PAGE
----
Birthday Class

OMG I had the best time the last two days!!!!!!  I turned 60 on Friday and my mom turns 80 on Monday and rather than have a big birthday party we decided to bring in a terrific quilt instructor, Kathy McNeil, to give us a class on landscape quilting.  We could have a total of 20 folks in the class so we opened it up to the Table Rock Quilt Guild art quilt group and quickly filled the 18 open spots.  We have been planning for a few months and finally on Friday a bunch of us set up the room at the United Methodist Church and Mom and I picked up Kathy at the airport.

Kathy's flight was due to arrive at 9:30 p.m. which meant mom and I were going to be out after dark. So exciting!!!!!  Geez, I'm getting old.  Her flight was on time but unfortunately American Airlines left Kathy's quilt stands in Dallas so it took about an hour to get all that straightened out which means we didn't drop Kathy off at the hotel until about 11:30 p.m.  Not a great start to our class weekend especially since Kathy is an early to bed woman.  But the weather was good, she was here and we were a go, plus American Airlines promised to get the quilt stands to the church on Friday morning. So basically it was all good.

I picked Kathy up at the hotel bright and early Friday morning and she was ready to go all bright eyed even though her toiletries were packed in the suitcase we left in Mom's car.  When we got to the church Mom and a few others were already there.  I brought in the lunch stuff that I'd made the day before, and received birthday greetings from the ladies.  It was delightful.  I just love my birthday unlike my daughter who would prefer to forget hers.  I enjoy my special day, nice to have the attention.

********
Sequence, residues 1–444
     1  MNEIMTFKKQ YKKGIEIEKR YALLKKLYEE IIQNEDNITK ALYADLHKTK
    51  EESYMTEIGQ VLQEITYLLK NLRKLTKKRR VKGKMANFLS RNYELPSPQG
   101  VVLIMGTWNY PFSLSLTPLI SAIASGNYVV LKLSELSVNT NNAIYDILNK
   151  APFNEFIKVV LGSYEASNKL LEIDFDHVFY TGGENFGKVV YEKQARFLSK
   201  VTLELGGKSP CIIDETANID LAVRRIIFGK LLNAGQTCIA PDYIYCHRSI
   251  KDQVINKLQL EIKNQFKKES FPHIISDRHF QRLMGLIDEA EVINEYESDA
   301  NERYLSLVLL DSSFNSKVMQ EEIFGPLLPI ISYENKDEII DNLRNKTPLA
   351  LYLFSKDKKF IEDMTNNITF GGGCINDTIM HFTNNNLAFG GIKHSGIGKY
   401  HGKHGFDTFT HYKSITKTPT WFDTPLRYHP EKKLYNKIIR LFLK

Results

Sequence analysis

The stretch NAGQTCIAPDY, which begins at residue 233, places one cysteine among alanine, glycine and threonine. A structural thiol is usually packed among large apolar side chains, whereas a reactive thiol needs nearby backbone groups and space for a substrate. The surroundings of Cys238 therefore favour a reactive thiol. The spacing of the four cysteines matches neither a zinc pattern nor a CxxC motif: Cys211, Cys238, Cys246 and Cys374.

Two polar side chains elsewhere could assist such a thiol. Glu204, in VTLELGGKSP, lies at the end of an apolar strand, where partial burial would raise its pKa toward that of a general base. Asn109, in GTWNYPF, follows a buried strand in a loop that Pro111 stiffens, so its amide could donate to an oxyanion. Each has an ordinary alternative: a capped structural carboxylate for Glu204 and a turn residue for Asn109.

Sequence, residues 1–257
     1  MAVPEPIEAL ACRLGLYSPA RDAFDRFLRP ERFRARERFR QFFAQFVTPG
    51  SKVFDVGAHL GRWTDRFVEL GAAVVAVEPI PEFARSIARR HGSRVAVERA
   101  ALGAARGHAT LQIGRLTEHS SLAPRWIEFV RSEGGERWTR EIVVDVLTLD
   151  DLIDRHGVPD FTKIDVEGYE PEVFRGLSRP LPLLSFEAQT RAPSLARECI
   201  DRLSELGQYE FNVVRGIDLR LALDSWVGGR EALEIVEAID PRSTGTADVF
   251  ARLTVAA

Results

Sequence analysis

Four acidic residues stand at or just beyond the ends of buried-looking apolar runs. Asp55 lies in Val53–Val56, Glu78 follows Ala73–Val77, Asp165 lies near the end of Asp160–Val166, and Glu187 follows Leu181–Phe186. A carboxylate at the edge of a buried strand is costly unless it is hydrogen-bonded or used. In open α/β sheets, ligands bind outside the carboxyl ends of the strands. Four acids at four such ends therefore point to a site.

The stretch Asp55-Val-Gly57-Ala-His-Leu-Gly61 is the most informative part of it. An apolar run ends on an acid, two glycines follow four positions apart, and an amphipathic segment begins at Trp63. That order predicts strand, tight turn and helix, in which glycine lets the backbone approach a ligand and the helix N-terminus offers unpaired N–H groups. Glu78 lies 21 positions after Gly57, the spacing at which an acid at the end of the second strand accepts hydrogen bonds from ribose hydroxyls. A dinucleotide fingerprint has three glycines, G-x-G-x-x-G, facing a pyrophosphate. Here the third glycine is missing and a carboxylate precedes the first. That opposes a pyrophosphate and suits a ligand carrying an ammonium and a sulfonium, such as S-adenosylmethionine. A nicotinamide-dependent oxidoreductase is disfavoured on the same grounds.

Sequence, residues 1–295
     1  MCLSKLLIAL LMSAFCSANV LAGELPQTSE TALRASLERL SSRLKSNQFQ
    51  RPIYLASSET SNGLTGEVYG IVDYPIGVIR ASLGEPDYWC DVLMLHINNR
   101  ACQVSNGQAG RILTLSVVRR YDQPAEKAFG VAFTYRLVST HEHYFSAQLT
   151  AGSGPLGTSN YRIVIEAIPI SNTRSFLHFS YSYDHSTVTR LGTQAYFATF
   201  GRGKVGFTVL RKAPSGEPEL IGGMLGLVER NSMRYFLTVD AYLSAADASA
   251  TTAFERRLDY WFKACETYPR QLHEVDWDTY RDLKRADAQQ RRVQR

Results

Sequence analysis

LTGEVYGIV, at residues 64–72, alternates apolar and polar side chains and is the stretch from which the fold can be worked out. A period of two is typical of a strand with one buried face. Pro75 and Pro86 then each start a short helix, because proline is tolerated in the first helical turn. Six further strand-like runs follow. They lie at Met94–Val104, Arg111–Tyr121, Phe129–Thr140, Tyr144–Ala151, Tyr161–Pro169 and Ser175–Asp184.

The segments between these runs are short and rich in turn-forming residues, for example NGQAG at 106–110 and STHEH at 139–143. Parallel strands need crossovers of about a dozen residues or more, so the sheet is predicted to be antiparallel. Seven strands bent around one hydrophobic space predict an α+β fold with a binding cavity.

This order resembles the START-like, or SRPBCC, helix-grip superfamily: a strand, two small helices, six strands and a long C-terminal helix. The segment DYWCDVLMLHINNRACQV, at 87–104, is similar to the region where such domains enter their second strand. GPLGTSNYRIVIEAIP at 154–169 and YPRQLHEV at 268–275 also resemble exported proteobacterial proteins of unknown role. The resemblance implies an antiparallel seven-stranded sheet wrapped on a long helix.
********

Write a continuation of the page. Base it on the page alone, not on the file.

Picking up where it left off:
Kathy started the class right on time and gave a great presentation for about 2 hours.  Her presentation was so good.  How to give your quilt dimension, various types of applique, how to use color to your advantage.  I'm pretty sure everyone learned a ton.  I know I did.  She is a very good presenter, very clear, informative slides, and did a good job of reading her audience to make sure people were following along.  At about 10:30 the quilt stands arrived!!! (Thank you American Airlines) so we hung the quilts Kathy brought: one of her show quilts and 7 quilts that were the samples of the patterns we were making in the class. OMG they are gorgeous, gorgeous, gorgeous!!!!!!


After the morning lecture we all started working on our own quilts and I headed to the kitchen.  I'm not much of a cook but there are a few things I can make and I recently found out I can make my mom's favorite cheese soup.  A few months ago I tracked down the recipe for cheese soup from the Hotel Fort Des Moines and made it for her.  She thought it was orgasmic and proceed to tell the Art Quilt Group about it in a way that only she can.  So when we were trying to come up with a menu for the class, the cheese soup seemed perfect.   I think most everyone liked it and a couple of people even had seconds.  Yea me, I cooked for 20 and didn't run out of food!!!!!!!!  I was a bit worried about that.